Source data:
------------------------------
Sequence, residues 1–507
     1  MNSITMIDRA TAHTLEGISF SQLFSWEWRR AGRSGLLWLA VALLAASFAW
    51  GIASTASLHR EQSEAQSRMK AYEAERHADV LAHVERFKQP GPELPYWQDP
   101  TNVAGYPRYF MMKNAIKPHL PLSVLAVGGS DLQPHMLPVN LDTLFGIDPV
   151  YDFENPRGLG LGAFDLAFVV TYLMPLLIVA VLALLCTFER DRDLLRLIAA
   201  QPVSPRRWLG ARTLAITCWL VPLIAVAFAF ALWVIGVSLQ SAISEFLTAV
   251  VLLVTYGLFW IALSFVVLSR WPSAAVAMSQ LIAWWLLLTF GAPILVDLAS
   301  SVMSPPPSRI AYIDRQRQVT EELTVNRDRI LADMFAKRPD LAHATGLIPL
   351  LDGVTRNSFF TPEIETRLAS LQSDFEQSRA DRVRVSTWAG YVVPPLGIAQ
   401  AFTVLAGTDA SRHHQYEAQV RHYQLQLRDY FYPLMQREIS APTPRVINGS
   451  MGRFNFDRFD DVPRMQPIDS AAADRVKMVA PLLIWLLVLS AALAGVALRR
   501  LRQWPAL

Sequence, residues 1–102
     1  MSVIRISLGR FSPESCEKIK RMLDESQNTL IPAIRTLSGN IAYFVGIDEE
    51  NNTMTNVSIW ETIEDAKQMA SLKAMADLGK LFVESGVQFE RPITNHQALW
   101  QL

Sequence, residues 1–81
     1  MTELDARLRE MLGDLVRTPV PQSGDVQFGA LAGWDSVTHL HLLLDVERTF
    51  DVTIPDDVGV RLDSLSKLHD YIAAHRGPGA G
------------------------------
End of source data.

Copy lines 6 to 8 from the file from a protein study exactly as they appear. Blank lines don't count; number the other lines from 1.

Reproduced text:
   201  QPVSPRRWLG ARTLAITCWL VPLIAVAFAF ALWVIGVSLQ SAISEFLTAV
   251  VLLVTYGLFW IALSFVVLSR WPSAAVAMSQ LIAWWLLLTF GAPILVDLAS
   301  SVMSPPPSRI AYIDRQRQVT EELTVNRDRI LADMFAKRPD LAHATGLIPL